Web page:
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Nuclear Energy Facilities Going Strong to Counter Arctic Deep Freeze

WASHINGTON, Jan. 8, 2015 (GLOBE NEWSWIRE) -- Today's real-time electricity demand data from the nation's major power system operators shows nuclear energy's important role in generating large amounts of electricity to help stabilize the grid and keep people warm and businesses operating in the face of frigid arctic temperatures.

Most notably, in the PJM market encompassing much of the nation's densely populated mid-Atlantic region and large portions of the Midwest, data shows that nuclear energy facilities are providing about 27 percent of PJM's early afternoon electricity demand. The region's 33 nuclear power plants, 32 of which are operating at full capacity, are providing about 35,000 megawatts of generating capacity to help meet a regional demand load of about 127,000 megawatts.

In the New York ISO, nuclear energy facilities are providing about 25 percent of the midday demand. The region's six reactors, all of which are producing electricity at 100 percent capacity, are providing about 5,600 megawatts of capacity to meet demand load of about 22,600 megawatts.

In the New England ISO, four reactors—all operating at 100 percent capacity—also are meeting about one-quarter of the region's 18,600 megawatt load.

In the Midcontinent ISO spanning much of the Midwest, nuclear energy facilities are providing about 13,000 megawatts of power, or 14 percent of the region's demand load of 97,500 megawatts.

"During periods of extreme weather, nuclear energy's importance to the U.S. electric grid and to the nation becomes more apparent than ever. Our nuclear energy facilities reliably generate large amounts of electricity, and they do so without the price volatility that can hammer customers financially," said the Nuclear Energy Institute's vice president for policy development, planning, and supplier programs, Richard Myers.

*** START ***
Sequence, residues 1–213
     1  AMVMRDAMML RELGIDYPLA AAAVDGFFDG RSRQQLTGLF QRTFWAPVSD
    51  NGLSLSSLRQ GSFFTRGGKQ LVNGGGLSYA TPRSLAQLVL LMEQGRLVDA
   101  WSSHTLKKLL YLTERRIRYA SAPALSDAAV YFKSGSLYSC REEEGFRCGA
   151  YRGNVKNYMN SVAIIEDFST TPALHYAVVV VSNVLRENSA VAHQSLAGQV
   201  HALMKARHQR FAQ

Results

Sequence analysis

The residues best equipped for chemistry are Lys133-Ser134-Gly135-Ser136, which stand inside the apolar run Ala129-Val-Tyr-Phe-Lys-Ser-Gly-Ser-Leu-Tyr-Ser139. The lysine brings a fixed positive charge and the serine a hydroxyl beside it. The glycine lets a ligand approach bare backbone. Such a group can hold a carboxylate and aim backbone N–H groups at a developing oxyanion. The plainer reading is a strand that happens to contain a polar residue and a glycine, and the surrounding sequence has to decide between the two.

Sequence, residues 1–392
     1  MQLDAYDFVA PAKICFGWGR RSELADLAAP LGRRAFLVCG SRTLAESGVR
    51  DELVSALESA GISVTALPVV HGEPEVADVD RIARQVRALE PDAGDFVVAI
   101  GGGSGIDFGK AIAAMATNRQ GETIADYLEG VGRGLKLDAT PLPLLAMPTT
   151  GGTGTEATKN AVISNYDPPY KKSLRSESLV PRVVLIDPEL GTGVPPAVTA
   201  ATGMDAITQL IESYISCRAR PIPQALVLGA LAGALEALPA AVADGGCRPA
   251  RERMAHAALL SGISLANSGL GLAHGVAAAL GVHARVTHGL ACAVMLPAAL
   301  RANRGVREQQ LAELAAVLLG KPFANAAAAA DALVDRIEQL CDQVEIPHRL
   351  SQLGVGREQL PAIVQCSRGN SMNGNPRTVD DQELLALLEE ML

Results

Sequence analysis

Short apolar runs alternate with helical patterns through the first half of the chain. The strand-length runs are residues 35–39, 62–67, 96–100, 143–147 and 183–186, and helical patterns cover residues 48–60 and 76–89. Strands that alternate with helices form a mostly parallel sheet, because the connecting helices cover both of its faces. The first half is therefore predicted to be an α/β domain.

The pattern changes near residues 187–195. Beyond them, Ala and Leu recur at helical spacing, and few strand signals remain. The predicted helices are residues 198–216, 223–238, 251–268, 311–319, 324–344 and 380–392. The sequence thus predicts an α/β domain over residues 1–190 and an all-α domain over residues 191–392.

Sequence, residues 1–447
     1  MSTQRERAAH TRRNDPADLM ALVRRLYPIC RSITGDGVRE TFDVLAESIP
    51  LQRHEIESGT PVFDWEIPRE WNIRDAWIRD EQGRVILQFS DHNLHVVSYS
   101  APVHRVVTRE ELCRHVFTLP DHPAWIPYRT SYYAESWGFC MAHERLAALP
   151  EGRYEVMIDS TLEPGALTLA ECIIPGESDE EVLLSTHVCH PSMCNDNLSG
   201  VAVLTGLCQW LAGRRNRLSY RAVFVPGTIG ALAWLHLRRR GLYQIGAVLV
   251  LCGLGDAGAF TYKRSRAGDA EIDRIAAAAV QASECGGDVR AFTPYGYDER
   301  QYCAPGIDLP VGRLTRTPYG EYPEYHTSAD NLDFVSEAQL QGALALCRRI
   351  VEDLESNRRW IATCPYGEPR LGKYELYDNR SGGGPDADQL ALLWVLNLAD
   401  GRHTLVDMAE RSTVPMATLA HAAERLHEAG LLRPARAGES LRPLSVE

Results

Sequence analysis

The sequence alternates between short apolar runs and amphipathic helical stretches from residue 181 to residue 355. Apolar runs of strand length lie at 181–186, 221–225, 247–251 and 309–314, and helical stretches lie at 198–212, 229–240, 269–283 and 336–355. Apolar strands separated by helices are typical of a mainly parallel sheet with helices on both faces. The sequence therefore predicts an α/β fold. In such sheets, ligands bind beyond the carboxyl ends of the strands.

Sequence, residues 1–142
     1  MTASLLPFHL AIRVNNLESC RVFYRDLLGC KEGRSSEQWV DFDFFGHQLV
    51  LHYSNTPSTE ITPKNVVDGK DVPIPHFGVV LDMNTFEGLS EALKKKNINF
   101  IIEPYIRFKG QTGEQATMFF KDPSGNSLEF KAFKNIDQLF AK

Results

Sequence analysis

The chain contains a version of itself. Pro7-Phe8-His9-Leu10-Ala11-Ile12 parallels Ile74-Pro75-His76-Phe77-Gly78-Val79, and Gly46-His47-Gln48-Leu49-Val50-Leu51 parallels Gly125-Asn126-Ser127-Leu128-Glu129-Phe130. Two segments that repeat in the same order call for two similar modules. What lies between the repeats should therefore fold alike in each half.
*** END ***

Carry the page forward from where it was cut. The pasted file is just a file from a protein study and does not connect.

As was the case during the 2014 polar vortex, nuclear power plants are operating at electric-sector leading levels of reliability during this frigid weather, demonstrating their resiliency and value to consumers when they are most needed. This should be yet another reminder to policymakers of the value of energy diversity and baseload power production in the electricity sector.

A report on potential nuclear plant closings in Illinois that several state agencies released Wednesday affirms the importance of the facilities during extreme weather.

"While competitive wholesale electricity markets do yield benefits to Illinois, they also fail to fully compensate nuclear plant operators for the value they provide to the market," notes the Illinois Department of Commerce and Economic Opportunity. "For instance, nuclear power plant operators do not receive adequate incentives for the nearly uninterrupted flow of power that they provide—even though it was nuclear power plants like those in Illinois that prevented blackouts during last winter's polar vortex."

U.S. nuclear energy facilities for the past two decades have annually produced about one-fifth of U.S. electricity supplies, even as total electricity demand has increased significantly. Because of their sector-leading capacity factors (a measure of efficiency), they have done so even though the nation's 99 nuclear power plants constitute only about 10 percent of the nation's installed electric generating capacity.

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The Nuclear Energy Institute is the nuclear energy industry's policy organization. This news release and additional information about nuclear energy are available at www.nei.org.

CONTACT: Contact NEI's media relations staff at media@nei.org, 202.739.8000 during business hours or 703.644.8805 after hours and weekends.

Source:Nuclear Energy Institute